BEIJING: China's death toll from a new coronavirus jumped above 360 on Monday (Feb 3) to surpass the number of fatalities of its SARS crisis two decades ago, with dozens of people dying in the epicentre's quarantined ground-zero.
The 57 confirmed new deaths was the single-biggest increase since the virus was detected late last year in the central city of Wuhan, where it is believed to have jumped from animals at a market into humans.
The virus has since spread to more than 24 countries, despite many governments imposing unprecedented travel bans on people coming from China.
The World Health Organisation has declared the crisis a global health emergency, and the first foreign death from the virus was reported in the Philippines on Sunday.
In China, all but one of the 57 new deaths were reported Monday in Wuhan and the rest of Hubei province, most of which has been under lockdown for almost two weeks to stop people leaving and transmitting the virus.
The national death toll reached 361, exceeding the 349 mainland fatalities from the Severe Acute Respiratory Syndrome (SARS) outbreak of 2002-03.
SARS, caused by a pathogen similar to the new coronavirus and also originated in China, killed 774 people - with most of the other deaths in Hong Kong.
The virus is also having an increasingly heavy economic impact, shutting down businesses across China, curbing international travel and impacting production lines of major international brands.
Stock markets in Shanghai and Shenzhen plunged by nearly nine percent on Monday morning as investors returned from a Lunar New Year holiday that had been extended to stop people travelling around China.
In Wuhan, which has been transformed from a bustling industrial hub into a near-ghost town, residents have been living in deep fear of catching the virus.
Its medical facilities have been overwhelmed, and the government has been racing to build two new hospitals in extraordinarily quick timeframes.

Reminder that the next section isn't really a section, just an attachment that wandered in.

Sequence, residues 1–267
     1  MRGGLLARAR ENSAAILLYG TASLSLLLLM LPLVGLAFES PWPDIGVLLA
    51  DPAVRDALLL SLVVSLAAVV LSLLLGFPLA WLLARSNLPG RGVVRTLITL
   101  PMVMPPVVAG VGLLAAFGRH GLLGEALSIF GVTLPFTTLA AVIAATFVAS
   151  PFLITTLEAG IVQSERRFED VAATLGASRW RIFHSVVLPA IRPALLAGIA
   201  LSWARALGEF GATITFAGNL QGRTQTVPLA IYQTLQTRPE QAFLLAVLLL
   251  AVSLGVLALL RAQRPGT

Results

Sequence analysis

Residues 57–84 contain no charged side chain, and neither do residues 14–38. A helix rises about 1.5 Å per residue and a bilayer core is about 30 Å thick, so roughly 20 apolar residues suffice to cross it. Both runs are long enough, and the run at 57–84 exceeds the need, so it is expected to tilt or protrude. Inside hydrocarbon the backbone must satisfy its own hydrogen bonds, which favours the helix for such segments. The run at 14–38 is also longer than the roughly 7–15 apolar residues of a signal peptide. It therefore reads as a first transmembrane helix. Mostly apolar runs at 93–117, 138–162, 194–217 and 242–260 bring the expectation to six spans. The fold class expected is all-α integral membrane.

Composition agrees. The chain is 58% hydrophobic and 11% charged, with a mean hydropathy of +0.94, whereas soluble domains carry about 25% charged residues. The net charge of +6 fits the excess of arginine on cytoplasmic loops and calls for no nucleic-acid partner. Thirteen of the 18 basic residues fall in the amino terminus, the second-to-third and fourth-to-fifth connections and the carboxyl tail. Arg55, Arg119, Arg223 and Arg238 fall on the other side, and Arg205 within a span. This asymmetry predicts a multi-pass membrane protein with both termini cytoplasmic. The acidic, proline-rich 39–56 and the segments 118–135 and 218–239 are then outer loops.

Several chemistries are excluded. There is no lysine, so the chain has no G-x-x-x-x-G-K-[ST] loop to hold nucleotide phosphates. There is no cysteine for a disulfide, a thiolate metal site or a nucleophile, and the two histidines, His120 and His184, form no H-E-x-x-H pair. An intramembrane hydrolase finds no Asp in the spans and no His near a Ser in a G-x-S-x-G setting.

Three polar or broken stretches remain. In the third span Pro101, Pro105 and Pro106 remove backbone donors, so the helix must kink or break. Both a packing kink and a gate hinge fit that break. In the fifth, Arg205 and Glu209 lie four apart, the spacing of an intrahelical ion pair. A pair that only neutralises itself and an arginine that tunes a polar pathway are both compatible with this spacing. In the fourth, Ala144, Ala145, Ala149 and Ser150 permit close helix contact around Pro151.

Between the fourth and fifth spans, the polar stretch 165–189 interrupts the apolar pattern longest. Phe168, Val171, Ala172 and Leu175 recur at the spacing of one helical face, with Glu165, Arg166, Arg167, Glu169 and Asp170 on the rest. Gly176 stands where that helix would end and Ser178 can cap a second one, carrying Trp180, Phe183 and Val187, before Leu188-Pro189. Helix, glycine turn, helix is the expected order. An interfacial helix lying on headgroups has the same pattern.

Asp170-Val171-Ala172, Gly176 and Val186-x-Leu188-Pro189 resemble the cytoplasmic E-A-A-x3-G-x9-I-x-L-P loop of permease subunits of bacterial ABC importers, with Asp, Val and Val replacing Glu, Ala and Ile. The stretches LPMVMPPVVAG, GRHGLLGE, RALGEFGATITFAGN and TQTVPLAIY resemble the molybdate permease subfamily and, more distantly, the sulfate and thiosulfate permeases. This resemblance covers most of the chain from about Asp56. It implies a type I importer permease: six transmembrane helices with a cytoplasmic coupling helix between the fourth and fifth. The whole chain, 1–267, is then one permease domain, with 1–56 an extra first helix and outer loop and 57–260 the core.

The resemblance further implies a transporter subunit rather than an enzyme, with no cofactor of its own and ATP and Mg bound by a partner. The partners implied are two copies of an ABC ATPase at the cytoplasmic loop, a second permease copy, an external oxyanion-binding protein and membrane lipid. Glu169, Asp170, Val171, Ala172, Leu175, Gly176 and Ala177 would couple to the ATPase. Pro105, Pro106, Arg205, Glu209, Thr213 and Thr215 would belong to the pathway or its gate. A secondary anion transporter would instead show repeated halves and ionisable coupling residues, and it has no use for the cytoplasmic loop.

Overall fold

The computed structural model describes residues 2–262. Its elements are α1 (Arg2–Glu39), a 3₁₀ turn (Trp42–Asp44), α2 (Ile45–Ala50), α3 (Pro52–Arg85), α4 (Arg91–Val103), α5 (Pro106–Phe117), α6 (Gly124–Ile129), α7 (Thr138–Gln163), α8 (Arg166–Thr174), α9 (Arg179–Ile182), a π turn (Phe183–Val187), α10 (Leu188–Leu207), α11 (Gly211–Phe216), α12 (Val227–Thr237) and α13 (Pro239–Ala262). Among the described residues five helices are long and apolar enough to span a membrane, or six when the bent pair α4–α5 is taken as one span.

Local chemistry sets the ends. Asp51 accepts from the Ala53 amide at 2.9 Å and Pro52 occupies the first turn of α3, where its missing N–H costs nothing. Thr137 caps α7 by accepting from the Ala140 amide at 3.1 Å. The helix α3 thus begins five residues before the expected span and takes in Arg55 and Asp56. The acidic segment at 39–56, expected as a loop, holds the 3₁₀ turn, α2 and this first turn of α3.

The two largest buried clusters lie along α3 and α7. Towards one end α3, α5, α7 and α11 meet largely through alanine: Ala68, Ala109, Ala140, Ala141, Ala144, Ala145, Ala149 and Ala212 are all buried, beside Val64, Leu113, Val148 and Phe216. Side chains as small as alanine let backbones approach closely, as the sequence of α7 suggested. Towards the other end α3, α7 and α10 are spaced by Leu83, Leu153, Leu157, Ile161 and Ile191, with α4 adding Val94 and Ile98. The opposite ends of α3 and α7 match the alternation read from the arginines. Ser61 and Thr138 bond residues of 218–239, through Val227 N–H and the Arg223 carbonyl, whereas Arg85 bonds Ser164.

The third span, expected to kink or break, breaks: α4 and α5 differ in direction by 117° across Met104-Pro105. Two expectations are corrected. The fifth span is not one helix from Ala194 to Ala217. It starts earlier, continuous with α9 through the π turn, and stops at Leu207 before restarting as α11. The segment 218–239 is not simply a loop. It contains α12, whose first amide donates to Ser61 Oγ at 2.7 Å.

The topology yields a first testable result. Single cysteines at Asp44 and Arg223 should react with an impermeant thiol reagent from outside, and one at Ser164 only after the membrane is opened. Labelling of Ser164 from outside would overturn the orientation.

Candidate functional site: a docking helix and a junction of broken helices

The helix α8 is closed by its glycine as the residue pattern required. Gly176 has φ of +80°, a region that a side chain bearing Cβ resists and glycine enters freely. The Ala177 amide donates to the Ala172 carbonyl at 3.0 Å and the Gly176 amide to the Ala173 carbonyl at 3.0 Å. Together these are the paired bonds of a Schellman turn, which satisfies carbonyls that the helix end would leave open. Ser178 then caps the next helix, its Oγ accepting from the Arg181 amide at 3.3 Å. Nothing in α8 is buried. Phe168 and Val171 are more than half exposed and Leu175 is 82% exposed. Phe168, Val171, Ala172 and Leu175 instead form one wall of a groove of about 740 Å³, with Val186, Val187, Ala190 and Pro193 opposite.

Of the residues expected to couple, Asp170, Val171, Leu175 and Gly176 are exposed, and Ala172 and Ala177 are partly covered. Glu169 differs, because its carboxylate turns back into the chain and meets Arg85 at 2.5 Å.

The first of those, a 1,000-bed facility, was due to open on Monday, just 10 days after construction began.
The emergence of the virus coincided with the Lunar New Year, when hundreds of millions travel across the country in planes, trains and buses for family reunions.
The holiday - originally scheduled to end last Friday - was extended by three days to give authorities more time to deal with the crisis.
But some major cities - including Shanghai - extended the holiday again, and many schools and universities delayed the start of new terms.
Road traffic on Sunday, when hundreds of millions of people would have been expected to return to their cities of work, was down 80 per cent, the transport ministry said.
The number of infections in China also jumped signficantly on Monday, passing 17,200.
The first person to die overseas from the virus was a 44-year-old man from Wuhan who travelled to the Philippines, the World Health Organization said.
The G7 countries - Canada, France, Germany, Italy, Japan, the United Kingdom and the United States - have all confirmed cases of the virus.
They will discuss a joint response, Germany's health minister Jens Spahn said on Sunday.
The US, Australia, New Zealand and Israel have banned foreign nationals from visiting if they have been in China recently, and they have also warned their own citizens against travelling there.
Mongolia, Russia and Nepal have closed their land borders.